Why am I reading the Abuse Tracker - and your column - in 2010?   Well, in 2003,  I again reported the Jesuit who assaulted me, and this time the Jesuits dealt with him - removing him from ministry, banning him from teaching.   And then that provincial finished his term.  Mid way through the next provincial's term, the Jesuit who assualted me was back teaching, at Fordham and Georgetown, and back presiding at mass.   Flagrant violations of promises made, and flagrant violations of legal agreements.
So, tomorrow, Good Friday, the attorney I hired is sending a letter to the Jesuits (provincial #3), who ignored me without a lawyer.  
I have never been public about this, but as you can see, that might be changing.
''The truth will set us free'' was the feature line in the first provincial's letter to me, when he found me credible in 2003.   If I have to go to court in 2010, I want the truth to be told about inept Jesuit supervision and broken promises,  and breached trust.   And I want Jesuits to face it, acknowledge it, and address it.
 
Thanks for the opportunity to express this here.  It was on my mind.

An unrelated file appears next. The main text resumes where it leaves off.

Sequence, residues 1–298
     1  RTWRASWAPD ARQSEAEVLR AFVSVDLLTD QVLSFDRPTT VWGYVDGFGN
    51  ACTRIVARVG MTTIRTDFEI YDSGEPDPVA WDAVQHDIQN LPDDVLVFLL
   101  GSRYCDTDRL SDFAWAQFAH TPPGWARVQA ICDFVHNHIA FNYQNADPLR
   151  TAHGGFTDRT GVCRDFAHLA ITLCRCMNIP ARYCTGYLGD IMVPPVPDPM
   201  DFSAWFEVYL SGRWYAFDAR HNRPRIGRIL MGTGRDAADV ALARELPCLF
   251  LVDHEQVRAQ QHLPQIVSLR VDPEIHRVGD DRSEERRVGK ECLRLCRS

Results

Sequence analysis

Kate in New York
Anonymous | 4/1/2010 - 6:23pm
What I may or may not have a need to do aside, you swipe at a group of pretty smart people as diverse (theologically & politically) as John Allen of NCR, Michael Sean Winters or America, George Weigel & Archbishop Dolan as mere "equivocators" is textbook marginalization.  And it is unfair to their arguments.  As a Jesuit-trained debater, the first rule of fair argument is to treat your opponents & their arguments fairly.
Vince Killoran | 4/1/2010 - 5:26pm
Jeff:
 
Jeez, I'm surprised to hear from you about this, given your consistent need to marginalize public figures and bloggers with which you disagree by slapping crude political labels on them.
 
Let me be clear- I was employing the label "equivocators" in the following way: to prevaricate or hedge. I didn't think I was be disrespectful or intellectually dishonest.  I do know that I am argumentative (my parents told me that many years ago)!
Anonymous | 4/1/2010 - 3:24pm